SaveFigure is a Matlab utility which provides aesthetically pleasing figure export which provides a few essential features not present in Matlab's built in figure export or any known utility on the FileExchange:
- instant export to multiple formats, including PDF, SVG, EPS, PNG, while ensuring that all formats look identical
identical output on multiple platforms (Linux and MacOS currently supported, Windows support should not be difficult to add, contact me if interested)
- preserves alpha blending and transparency on patches, lines, markers, etc.
- sets or preserves nicely rendered fonts (specified in options)
- preserves vector graphics
I've found the outputs to be more consistent, more faithful to the on-screen displayed figure. Please note that this submission includes code copied wholesale from Juerg Schwizer, Oliver Woodford, Yair Altman, and Peder Axensten.
sudo apt-get install inkscape imagemagick
For Mac, install homebrew [ http://brew.sh/ ] and then run:
brew install inkscape imagemagick
(you could also do "brew cask install inkscape" instead).
For Windows: doesn't work yet, but I should hopefully be able to figure this out soon. If you'd like to help, I'd be happy to accept pull requests on github!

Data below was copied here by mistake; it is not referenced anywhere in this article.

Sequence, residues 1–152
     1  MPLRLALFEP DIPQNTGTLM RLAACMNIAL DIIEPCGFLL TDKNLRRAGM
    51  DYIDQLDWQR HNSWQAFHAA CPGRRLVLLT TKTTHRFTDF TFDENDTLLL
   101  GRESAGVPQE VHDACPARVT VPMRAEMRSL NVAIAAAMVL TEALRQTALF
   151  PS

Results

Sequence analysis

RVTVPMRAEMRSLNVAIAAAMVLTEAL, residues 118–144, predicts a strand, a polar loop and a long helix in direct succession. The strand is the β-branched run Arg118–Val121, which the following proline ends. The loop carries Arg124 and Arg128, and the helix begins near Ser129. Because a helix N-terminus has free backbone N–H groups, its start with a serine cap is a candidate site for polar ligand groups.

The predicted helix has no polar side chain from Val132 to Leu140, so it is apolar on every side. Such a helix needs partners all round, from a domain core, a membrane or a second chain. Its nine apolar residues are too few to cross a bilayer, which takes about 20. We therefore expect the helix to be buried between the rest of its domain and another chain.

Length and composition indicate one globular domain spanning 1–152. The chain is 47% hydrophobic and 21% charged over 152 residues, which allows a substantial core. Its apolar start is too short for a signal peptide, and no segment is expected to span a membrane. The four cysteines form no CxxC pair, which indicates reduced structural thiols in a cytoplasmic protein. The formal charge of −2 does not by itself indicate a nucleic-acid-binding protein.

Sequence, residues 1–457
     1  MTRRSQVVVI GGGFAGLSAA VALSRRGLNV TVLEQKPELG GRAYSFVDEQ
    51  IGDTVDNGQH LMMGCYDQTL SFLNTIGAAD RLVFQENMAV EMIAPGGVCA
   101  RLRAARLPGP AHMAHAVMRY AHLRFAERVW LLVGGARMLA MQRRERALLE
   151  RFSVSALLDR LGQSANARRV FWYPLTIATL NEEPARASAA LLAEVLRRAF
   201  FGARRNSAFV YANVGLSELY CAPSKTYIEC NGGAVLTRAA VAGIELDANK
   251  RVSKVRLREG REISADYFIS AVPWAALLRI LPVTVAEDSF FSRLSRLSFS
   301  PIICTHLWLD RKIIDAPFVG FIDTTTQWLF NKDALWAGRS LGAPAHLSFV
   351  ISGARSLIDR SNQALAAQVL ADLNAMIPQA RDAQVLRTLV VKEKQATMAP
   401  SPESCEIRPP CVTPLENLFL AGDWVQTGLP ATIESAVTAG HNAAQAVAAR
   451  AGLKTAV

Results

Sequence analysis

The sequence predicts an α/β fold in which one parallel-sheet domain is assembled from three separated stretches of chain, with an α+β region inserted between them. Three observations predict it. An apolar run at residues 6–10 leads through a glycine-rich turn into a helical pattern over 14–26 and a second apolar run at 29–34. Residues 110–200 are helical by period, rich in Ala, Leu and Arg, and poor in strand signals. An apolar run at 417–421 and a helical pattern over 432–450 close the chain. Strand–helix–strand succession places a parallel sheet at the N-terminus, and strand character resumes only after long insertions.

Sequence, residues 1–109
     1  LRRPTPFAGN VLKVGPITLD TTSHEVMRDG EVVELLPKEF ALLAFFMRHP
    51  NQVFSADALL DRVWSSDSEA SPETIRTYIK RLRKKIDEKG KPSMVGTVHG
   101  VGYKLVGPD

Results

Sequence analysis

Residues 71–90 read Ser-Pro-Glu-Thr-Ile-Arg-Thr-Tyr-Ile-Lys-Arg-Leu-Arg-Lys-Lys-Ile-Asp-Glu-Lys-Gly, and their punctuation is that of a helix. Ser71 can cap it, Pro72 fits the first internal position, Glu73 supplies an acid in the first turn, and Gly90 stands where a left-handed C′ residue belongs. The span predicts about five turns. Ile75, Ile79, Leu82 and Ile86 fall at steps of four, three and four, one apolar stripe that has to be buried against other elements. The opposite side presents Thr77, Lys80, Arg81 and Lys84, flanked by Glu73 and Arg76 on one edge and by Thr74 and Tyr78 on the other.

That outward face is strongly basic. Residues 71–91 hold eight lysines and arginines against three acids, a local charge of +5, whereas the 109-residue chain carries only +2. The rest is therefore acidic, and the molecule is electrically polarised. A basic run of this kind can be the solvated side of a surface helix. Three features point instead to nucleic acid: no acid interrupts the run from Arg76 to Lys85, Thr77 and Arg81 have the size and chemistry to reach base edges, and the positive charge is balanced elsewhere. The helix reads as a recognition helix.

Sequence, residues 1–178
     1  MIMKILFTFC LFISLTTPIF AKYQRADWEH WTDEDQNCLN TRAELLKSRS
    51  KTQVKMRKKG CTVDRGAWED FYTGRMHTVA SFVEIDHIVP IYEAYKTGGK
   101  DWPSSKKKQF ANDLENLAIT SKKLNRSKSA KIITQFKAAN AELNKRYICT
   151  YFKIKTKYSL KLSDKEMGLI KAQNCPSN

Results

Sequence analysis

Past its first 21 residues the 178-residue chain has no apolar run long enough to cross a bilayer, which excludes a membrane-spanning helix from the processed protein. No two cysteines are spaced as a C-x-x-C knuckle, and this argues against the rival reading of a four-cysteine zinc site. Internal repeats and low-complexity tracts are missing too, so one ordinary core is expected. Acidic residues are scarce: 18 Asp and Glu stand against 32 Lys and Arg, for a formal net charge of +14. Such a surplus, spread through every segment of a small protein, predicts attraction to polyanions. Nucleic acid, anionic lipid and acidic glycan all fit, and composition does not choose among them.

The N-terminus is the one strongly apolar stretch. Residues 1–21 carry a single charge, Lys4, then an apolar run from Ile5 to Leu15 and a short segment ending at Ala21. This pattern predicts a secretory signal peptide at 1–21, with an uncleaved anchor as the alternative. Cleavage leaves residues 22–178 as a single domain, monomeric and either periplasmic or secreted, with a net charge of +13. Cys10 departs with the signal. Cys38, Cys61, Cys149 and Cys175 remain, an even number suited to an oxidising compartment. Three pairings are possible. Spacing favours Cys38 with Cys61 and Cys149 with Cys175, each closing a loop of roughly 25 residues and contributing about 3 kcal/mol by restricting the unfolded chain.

See https://github.com/djoshea/matlab-save-figure for more details and to file issues.
To achieve faithful, WYSIWYG vector reproduction of Matlab figures, we generate SVGs, then convert to PDF using Inkscape, and then to PNG and EPS if requested using ImageMagick's convert utility. I've found that convert rarely does a nice job going from SVG to PDF directly, though this could simply be a matter of setting the correct flags. So Matlab is only responsible for generating the SVG. For newer versions of Matlab (R2014a or newer), saveFigure uses Matlab's new internal SVG engine, i.e. print -dsvg, which faithfully reproduces Matlab figures as SVG. For older versions, the code for generating SVGs is essentially a nice wrapper around Juerg Schwizer's plot2svg utility, with a few minor tweaks. The advantage of this approach is that we have complete control of figure output and appearance; the disadvantage is that it requires a complete reconstruction of the figure as an SVG. Consequently, it may not perfectly reproduce the figure in all instances, but it does a fairly decent job.
Daniel J O'Shea (2021). matlab-save-figure (https://github.com/djoshea/matlab-save-figure), GitHub. Retrieved .
FYI, for anyone using a super-old version of Matlab, the line"
"if contains(File, [FSep, '.'])"
Will break. I believe that can be replaced by
"if ~isempty( strfind(File, [FSep '.'] ) )"
Thanks Oliver, transparent backgrounds work for me on Mac. Try setting the figure and axes background to 'none', e.g. using set(gcf, 'Background', 'none') and set(gca, 'Background', 'none'); then use saveFigure to save a png or pdf. It looks transparent when I open it in Illustrator and place it on top of other things. Let me know if this doesn't work for you, or better yet, file an issue on Github so I can help fix it. Thanks!
It'll be great if it supports transparent background as well